By time we got to Silverton, just about everything seemed closed. We went to the Baptist church. We got there right before the 6:30 services. We left the book with Ms. Reed and her son to give to the library. Ms. Reed has a sister that lives in Perkins. We talked to a man outside a convenience store. After hearing our story, he talked about a group of men who had come through a couple years ago, riding horses to Wyoming. They stayed in Silverton for several days before the weather let them continue. We think it may have been the Longriders.
Our goal was to reach Roswell by the end of the day. It was late when we arrived. Roswell is known as the UFO capital of the world. We enjoyed a lot of laughs. From a long distance we could see a LOT of blinking lights. What were we to think?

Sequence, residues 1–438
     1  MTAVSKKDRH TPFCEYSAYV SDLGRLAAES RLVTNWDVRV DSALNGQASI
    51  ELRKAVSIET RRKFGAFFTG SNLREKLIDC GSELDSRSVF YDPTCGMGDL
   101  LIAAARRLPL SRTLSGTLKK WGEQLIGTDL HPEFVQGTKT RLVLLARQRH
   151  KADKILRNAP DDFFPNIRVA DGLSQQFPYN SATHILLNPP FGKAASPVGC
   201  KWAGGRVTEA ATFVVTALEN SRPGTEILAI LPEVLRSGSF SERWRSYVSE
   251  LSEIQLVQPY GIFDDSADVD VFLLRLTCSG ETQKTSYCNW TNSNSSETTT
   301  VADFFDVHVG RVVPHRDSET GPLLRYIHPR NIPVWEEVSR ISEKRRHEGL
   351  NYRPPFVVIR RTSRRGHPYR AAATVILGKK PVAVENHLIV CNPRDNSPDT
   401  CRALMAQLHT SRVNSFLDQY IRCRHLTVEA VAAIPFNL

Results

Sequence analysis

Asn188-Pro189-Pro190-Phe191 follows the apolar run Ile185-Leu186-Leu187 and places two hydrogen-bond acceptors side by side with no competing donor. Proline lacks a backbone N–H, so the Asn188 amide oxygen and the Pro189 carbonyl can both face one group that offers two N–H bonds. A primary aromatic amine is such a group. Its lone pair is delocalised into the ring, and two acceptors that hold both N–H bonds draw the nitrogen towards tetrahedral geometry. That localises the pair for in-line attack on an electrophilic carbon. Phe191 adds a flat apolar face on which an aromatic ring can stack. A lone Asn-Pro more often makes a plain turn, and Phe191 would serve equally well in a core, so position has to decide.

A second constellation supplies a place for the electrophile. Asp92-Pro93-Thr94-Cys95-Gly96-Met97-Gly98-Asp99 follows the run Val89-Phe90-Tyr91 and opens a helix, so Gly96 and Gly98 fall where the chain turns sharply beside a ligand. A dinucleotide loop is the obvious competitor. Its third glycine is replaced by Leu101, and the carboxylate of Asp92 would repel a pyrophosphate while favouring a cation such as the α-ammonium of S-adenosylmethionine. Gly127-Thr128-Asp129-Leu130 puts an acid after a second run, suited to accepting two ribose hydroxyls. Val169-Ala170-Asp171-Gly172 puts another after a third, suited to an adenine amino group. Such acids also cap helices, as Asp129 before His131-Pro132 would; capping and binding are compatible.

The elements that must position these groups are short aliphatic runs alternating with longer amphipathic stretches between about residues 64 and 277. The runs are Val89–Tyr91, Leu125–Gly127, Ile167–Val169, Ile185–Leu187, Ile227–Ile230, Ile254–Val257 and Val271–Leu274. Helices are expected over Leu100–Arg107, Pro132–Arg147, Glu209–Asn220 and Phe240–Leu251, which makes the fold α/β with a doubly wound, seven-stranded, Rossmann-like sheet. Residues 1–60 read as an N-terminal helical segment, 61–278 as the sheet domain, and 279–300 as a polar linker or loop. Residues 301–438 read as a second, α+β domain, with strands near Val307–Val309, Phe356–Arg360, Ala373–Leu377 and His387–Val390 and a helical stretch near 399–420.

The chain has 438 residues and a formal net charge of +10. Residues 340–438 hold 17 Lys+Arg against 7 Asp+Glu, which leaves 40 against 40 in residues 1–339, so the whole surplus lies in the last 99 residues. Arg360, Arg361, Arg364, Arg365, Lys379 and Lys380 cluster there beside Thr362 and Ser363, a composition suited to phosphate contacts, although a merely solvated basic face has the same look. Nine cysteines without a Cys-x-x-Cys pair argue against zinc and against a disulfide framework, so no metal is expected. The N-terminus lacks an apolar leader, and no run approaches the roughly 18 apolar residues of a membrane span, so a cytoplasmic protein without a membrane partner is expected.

We began our day visiting the Roswell Daily Record to look at microfiche to hopefully find articles of Bud and Temple's stay, but came up empty. We then went to the library to give them a book. At the Chamber of Commerce we were given several pamphlets on the historical society and museum. We also got into a discussion about Peruvian Paso competitions where they have the riders hold a glass of champagne and ride their horses across planks. They are scored by who has the most champagne left in their glass. We stopped in the UFO museum. The recorded radio announcement was one of my favorite parts. We wanted to visit the Archive Museum, but it wasn't open on Thursdays. We continued toward the Historical Society for Southeast New Mexico. One of my favorite exhibits was theHall of Music. All things were organized by decades. It was really fascinating. The highlight of the day was meeting Mr. Morgan. He was able to tell a LOT about the history of Roswell. He was in the legislature. He was able to tell us about several of the governors who had held office. I wonder what the population was when Bud and Temple went on their journey. How many people did they meet? What kind of people did they meet? What did they learn? One of my favorite things on this journey is the people we meet. We need to listen more to the older generations. They have a lot of stories to tell!